By Michelle Key
The City of Opelika honored its military veterans in a touching ceremony at Courthouse Square Saturday morning. Commemorating the 100th anniversary of Armistice Day, Mayor Gary Fuller spoke of the importance of Veterans Day.
“Today we remember the heroism and sacrifices of those who served,” Fuller said.
The National anthem was performed by the Opelika High School Ovations Chorus.
Dr. Marty Olliff was the guest speaker and gave the audience a brief history on Armistice Day. “We are called upon to remember. Not just our personal memories but societal memories, beyond our own lifetime of events that happened a while ago,” Olliff said. “On the 11th hour of the 11th day, of the 11th month of 1918, the guns that had roared in the most destructive war at that point in history, fell silent. It was that armistice signed 100 years ago that ended combat.”
He spoke of how World War I and World War II changed the way most Americans thought of military service.
“After WWII, military service is something that Americans put on their resumes and take great pride in as part of their self-identification,” Olliff said. “This change in attitude changed Armistice Day.”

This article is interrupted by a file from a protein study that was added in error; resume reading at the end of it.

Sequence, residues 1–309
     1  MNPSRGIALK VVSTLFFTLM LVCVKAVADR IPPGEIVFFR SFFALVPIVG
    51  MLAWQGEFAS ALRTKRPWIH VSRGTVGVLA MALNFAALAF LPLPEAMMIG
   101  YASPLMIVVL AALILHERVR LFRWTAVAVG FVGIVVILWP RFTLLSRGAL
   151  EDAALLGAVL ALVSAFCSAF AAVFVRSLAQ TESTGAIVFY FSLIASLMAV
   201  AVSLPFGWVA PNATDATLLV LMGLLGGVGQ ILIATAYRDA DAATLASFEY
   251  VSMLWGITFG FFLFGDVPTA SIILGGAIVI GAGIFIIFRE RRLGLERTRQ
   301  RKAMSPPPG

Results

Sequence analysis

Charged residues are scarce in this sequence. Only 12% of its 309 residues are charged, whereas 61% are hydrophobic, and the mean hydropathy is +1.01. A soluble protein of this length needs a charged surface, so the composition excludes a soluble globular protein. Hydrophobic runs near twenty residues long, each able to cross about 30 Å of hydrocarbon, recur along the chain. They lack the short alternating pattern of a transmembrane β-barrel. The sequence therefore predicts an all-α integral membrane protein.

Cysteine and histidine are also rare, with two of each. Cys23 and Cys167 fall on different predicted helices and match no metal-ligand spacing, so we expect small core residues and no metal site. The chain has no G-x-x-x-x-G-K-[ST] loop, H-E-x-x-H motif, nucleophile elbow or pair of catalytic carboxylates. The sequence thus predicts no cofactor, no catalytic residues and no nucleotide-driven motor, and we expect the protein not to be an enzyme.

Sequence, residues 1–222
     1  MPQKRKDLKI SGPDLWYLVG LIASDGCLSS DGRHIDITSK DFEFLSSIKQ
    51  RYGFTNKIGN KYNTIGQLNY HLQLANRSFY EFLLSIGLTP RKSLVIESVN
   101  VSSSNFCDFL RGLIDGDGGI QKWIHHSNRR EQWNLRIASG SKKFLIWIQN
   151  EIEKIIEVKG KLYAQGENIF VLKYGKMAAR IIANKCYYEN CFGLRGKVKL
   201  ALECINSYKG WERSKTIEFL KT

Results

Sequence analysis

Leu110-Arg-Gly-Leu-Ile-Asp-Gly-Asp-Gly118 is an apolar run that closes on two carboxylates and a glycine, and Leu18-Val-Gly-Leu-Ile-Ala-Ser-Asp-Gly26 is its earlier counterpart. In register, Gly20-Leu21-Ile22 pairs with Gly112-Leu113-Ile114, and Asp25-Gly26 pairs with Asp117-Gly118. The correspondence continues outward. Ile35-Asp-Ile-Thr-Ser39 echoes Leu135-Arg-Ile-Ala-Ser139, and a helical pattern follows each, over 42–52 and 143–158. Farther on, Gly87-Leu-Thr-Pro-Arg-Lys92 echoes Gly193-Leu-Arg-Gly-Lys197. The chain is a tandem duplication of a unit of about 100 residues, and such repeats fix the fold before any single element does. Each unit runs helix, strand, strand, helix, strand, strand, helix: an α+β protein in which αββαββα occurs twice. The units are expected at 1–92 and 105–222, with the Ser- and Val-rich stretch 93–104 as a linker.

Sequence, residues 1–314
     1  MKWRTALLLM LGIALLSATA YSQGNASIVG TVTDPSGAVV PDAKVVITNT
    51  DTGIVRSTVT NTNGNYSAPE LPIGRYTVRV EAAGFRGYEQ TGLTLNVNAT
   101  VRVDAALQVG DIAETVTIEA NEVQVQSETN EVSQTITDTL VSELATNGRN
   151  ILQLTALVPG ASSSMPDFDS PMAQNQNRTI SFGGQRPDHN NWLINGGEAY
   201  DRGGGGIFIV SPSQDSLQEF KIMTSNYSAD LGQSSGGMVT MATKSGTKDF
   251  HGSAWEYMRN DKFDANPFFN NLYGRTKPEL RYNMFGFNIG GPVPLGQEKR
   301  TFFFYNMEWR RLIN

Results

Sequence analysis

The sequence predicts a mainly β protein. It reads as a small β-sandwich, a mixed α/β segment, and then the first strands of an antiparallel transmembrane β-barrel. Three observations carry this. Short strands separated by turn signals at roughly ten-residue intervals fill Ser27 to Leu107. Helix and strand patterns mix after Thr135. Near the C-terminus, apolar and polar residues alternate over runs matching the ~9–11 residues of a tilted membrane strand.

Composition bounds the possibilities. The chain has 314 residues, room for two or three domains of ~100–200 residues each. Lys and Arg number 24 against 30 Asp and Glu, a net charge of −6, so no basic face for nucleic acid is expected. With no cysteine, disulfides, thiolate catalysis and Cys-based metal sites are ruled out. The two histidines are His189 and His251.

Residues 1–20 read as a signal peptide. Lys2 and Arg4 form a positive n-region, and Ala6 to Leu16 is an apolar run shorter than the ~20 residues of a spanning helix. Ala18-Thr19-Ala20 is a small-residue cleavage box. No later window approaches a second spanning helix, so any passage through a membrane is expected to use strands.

Raymond Weeks, a US Navy veteran from Alabama, began a campaign to change the day dedicated to honoring those that served and died in World War I to a day to honor all veterans of all wars. But it was Alvin King of Kansas that helped to secure the new name by working on legislation with his congressman in 1952 and President Dwight Eisenhower signed the law that officially changed the name to Veterans Day in 1954.
Following Olliff’s presentation was a ceremony honoring those that are no longer with us. The “Missing Man” ceremony was led by Marine veteran Matthew Parks and gives honor to those military service members that are no longer able to join their brothers and sisters around the table. From the round table, to the pinch of salt, each element on the table has a specific meaning designed to encourage all to remember those that were lost.
New American Freedom Train Band led by Army veteran Tim Maggart, performed several patriotic songs before the ceremony was closed out with a benediction by Dr. Douglas Pitt.